In this current debate about the draft Operating and Financial Review (OFR) Regulations, aren’t we missing some major points (Personnel Today, 8 February)?
They are primarily for the benefit of investors who need to make good investments with our money. Surely it is our role to make the case about the contribution people make to the enterprise? If we do, the directors will see the importance of people’s contributions and communicate this to the investors. But only if they are convinced. And it is our job to help.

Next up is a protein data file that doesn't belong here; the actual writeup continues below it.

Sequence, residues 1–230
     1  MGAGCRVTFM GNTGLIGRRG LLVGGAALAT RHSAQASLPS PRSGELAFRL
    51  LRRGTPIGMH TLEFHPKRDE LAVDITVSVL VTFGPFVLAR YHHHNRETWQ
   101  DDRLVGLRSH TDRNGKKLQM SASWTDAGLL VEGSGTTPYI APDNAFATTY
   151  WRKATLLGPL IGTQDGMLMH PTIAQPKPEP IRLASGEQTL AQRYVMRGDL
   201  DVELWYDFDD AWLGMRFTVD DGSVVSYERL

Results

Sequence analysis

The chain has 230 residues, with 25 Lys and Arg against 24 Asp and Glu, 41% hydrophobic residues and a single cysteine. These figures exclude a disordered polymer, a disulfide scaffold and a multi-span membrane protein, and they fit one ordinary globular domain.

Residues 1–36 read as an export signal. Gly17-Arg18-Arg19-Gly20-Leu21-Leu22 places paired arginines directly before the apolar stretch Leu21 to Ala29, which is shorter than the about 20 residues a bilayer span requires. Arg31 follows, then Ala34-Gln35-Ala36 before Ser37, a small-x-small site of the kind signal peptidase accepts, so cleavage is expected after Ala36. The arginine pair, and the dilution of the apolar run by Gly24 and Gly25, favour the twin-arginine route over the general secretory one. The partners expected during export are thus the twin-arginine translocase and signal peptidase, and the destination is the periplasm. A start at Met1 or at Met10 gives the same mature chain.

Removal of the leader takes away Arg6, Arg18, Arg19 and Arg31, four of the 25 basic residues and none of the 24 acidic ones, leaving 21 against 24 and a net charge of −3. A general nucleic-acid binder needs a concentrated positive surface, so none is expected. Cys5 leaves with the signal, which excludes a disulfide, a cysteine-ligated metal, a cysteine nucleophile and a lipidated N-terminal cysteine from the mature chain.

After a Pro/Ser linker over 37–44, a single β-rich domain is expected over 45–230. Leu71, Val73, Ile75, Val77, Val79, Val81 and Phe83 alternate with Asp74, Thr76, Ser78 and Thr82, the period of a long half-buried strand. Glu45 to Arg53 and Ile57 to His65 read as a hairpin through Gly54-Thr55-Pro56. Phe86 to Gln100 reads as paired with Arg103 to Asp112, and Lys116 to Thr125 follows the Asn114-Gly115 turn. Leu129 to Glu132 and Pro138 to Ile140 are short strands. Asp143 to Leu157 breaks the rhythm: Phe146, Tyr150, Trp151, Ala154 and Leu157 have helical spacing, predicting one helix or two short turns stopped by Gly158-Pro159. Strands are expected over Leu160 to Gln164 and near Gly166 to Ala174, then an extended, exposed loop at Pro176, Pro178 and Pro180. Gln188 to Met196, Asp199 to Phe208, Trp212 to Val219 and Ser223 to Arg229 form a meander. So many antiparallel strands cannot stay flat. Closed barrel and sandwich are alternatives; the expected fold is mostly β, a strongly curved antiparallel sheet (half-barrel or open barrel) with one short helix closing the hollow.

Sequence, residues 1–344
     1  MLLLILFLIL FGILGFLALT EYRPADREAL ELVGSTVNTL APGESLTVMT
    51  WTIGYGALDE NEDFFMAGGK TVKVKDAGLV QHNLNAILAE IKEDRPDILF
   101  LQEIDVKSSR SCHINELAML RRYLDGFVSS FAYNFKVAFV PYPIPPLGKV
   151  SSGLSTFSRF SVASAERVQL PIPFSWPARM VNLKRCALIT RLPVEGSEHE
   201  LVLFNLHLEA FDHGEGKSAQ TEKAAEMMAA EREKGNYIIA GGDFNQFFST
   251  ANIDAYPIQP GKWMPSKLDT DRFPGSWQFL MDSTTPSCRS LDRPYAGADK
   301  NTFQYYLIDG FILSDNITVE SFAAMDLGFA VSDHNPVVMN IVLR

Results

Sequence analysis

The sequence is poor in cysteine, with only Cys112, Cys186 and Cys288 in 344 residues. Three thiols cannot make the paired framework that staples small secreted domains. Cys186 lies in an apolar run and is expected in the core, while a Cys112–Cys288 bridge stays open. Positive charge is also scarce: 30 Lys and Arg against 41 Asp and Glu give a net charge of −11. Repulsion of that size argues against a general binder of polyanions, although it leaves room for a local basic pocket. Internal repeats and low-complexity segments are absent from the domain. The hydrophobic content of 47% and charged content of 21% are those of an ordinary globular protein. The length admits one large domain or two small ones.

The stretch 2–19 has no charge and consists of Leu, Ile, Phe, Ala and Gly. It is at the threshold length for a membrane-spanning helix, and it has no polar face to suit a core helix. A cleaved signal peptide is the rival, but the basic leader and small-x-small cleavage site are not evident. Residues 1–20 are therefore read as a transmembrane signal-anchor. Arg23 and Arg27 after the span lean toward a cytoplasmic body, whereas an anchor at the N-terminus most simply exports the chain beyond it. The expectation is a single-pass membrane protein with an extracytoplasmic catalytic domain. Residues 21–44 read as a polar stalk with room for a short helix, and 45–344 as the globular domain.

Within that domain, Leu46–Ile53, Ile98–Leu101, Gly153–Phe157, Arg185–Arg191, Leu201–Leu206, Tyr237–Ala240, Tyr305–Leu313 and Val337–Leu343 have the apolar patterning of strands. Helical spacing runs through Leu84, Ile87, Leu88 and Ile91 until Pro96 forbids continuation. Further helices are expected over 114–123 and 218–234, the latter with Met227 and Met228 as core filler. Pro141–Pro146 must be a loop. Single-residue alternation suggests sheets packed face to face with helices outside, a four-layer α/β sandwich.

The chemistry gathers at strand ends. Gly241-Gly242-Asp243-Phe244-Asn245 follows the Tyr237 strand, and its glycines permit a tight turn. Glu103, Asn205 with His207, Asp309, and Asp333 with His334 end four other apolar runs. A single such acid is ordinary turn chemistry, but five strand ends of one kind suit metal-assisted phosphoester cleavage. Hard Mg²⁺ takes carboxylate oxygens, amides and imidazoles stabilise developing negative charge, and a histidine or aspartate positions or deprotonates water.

The OFR gives plenty of scope for us to report the genuine links between people and business performance. However, to do this, we need to know our company’s business and what drives it. Then we need to identify relevant performance, and measure it and report it over time.
The Accounting Standards Board has no remit for this; the government has no place in this. It is something that is in our space, and if we don’t get a grip of it, our accounting colleagues will be the people who prepare the human capital report in the OFR while we stand around wringing our hands.
Institute for Employment Studies